I remember it so well — the screaming fans, Simon’s grimace as he folded his arms and glared at the young would-be singers and the yelps of families as triumphant contestants revealed they’d received those fateful words: “You’re going to Hollywood!”

American Idol

Wednesdays and Thursdays at 8 p.m. on Fox3

There was Kelly, Ruben, Carrie and Clay Aiken! Remember William Hung? That’s right, the “She Bangs” guy — in case you forgot he was actually famous for a short while. He was famous because of “American Idol.”

The show used to mean something. It was a landmark television event when it first aired, with the promise of turning a nobody into the next musical superstar. And it worked. Since her first-season win, Kelly Clarkson has released four albums, one of which went multi-platinum and won two Grammy Awards. Aiken didn’t even win, but he still became a pop sensation. Again and again the show lived up to its reputation as a vehicle to stardom. Just making the final round provided fame for more than a few potential Idols. This was back when Simon and Paula bickered and Randy remained neutral from his side of the table.

But recently, things have changed. At first, it was visible in the judging table. Singer-songwriter Kara DioGuardi was added as a judge in season eight. This was fine until both she and Paula dropped out. Then one day I turned on the TV and Ellen DeGeneres was hosting. Now, I’m no expert, but what does Ellen know about music? She may know a lot about hosting a daytime talk show, but singing, not so much.

Where does that leave us now? On Jan. 19 Fox premiered season 10 of “American Idol.” Ryan Seacrest still hosts and Jackson still comments and criticizes from his corner. So what specifically has turned this pop culture phenomenon into a shadow of its former self? Maybe it’s the revolving-door judges seem to have gone through in the past few years (we’re now on to Jennifer Lopez and Aerosmith’s Steven Tyler). Or maybe it’s the fact that, despite being rated number one for six consecutive seasons, the recent “Idol” winners have fallen short of the bar set by those of the past. If Kris Allen and Lee DeWyze sound a tad unfamiliar it’s because they’re the least successful “Idol” winners to date. Or maybe it’s the sheer fact that after nine seasons, the glory has begun to fade.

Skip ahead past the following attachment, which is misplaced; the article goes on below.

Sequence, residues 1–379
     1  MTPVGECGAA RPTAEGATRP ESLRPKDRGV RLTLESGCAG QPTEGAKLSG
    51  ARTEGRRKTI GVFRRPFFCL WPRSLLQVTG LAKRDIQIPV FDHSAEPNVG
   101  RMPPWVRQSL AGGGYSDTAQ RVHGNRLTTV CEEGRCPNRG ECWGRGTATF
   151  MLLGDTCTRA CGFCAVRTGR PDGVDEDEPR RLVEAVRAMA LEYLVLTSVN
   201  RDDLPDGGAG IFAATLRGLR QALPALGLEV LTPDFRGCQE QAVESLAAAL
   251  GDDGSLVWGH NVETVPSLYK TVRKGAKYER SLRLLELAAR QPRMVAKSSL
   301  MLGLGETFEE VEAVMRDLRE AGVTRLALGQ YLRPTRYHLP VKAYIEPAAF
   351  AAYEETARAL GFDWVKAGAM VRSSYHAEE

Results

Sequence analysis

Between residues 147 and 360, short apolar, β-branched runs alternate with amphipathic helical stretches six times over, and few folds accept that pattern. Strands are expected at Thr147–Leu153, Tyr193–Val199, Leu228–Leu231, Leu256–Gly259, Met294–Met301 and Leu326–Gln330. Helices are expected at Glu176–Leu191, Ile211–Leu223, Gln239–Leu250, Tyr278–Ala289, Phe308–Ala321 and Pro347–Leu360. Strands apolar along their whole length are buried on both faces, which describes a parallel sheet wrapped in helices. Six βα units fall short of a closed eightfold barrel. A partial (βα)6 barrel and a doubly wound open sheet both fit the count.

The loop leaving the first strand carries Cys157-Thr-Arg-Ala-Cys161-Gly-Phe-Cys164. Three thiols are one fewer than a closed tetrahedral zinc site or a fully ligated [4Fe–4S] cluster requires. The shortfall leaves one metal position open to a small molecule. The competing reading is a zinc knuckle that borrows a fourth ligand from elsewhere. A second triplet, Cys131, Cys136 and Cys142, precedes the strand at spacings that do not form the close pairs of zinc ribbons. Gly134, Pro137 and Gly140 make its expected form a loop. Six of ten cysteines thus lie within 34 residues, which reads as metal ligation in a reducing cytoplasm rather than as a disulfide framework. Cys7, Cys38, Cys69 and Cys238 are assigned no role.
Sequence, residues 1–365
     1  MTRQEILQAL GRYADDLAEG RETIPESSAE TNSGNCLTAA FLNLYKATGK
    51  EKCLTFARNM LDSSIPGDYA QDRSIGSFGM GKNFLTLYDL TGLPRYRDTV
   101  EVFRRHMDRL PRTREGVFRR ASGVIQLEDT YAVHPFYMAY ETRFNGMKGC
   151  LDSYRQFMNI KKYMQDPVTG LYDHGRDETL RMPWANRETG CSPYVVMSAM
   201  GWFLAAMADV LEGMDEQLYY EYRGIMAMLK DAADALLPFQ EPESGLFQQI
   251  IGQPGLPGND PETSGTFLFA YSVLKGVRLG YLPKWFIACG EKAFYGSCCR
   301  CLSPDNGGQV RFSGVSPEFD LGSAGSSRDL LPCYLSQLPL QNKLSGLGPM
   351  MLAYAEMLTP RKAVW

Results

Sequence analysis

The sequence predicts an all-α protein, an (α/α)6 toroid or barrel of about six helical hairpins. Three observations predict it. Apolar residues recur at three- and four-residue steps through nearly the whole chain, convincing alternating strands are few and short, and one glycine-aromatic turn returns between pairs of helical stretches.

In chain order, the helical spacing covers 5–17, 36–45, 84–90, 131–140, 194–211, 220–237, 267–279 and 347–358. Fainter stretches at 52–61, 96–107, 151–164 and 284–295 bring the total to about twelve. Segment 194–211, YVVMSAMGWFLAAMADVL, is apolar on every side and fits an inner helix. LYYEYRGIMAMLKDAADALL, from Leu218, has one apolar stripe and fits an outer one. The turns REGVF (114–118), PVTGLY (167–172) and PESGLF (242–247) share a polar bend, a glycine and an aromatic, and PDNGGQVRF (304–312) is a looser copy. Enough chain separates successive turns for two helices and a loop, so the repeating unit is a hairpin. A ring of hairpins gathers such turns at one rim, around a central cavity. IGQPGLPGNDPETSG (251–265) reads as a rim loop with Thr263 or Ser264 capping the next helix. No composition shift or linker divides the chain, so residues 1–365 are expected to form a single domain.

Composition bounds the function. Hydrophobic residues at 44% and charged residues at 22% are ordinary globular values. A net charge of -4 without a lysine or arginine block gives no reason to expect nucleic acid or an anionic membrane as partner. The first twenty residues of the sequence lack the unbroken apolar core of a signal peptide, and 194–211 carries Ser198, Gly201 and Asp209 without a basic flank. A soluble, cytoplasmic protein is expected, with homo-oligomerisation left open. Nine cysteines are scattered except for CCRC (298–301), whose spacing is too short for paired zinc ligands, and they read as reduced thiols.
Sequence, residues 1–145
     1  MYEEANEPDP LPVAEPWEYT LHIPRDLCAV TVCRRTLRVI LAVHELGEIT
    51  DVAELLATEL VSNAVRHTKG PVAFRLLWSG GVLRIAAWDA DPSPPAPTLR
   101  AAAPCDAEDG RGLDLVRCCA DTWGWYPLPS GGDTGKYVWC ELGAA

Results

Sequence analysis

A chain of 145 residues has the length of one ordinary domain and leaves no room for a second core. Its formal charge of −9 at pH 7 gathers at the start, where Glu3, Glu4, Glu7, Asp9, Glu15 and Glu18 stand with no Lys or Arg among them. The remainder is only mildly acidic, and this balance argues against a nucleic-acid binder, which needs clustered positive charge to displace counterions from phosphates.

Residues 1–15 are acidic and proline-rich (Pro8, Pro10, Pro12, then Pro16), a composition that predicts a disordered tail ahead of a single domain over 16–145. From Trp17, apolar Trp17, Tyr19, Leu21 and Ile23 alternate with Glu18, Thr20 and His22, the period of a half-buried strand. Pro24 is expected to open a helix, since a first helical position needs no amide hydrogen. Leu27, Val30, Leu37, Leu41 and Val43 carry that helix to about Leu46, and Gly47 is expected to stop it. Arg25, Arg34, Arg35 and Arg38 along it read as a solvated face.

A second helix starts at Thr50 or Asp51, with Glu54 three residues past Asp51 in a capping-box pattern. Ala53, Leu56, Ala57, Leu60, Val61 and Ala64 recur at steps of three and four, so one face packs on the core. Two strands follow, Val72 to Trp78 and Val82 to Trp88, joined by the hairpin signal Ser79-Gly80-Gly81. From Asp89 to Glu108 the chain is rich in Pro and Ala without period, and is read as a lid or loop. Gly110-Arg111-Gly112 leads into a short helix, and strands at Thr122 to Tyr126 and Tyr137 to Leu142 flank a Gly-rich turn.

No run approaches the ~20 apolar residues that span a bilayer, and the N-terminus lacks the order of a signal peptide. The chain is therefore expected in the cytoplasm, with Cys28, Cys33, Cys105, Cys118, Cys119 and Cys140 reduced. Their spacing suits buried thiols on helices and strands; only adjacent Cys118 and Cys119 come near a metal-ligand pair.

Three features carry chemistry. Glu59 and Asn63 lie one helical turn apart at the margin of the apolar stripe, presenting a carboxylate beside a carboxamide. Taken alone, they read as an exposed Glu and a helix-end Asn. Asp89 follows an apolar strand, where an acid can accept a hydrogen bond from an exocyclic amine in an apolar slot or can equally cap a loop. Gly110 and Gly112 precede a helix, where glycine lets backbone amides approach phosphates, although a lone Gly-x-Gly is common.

In a way, watching the auditions in the “Idol” premiere in Nashville, Tenn., was like the old days, but something was off. The contestants still shout their dreams into the camera, and we get to peer voyeuristically into the good, the bad and the ugly of the preliminary rounds of “Idol” auditions. Except the unexpected has become expected. Lopez and Tyler bring little to the table that hasn’t already been said, argued over and said again in the past nine years of judging. This season’s polite mocking of Allen Lewis, a professional tattoo artist with the appearance of a Lynyrd Skynyrd member, was tame in comparison to the days when Simon would tear into contestants with little remorse or sympathy. In a recent interview, Steven Tyler revealed he’d be looking for someone with “voice” who’s got “the whole package.” Well, that’s exactly what the show has been committed to for the past nine years.

I’m not demanding the end of “Idol.” I’m merely proposing that while it may be the most profitable of the talent-based reality shows, we’re not the audience that we were back in 2002. By this point we’ve seen the formula adapted to countless other genres. Think Fox’s “So You Think You Can Dance,” CBS’s “Live to Dance” and NBC’s “America’s Got Talent” — all of which employ a similar format complete with unknown hopefuls and a panel of judges reminiscent of the dichotomy first present among Randy, Paula and Simon.

Perhaps I’m nostalgic for a time when it seemed like all anyone did on Wednesday nights come springtime was huddle around the TV and wait to see who made the next round. Chances are the show will stay around for a while, but winning doesn’t hold the same weight it used to. The first few winners were bigger than the show. Now each is only one of many to be cranked out of the Idol Machine. The allure of watching a waitress, paint store clerk or bartender rocket to fame has been played out over and over again.

Maybe this season will hold new surprises. It’d be great to see “American Idol” recapture the flare it once had. But I, for one, am doubtful.

Leave a comment

Your email address will not be published.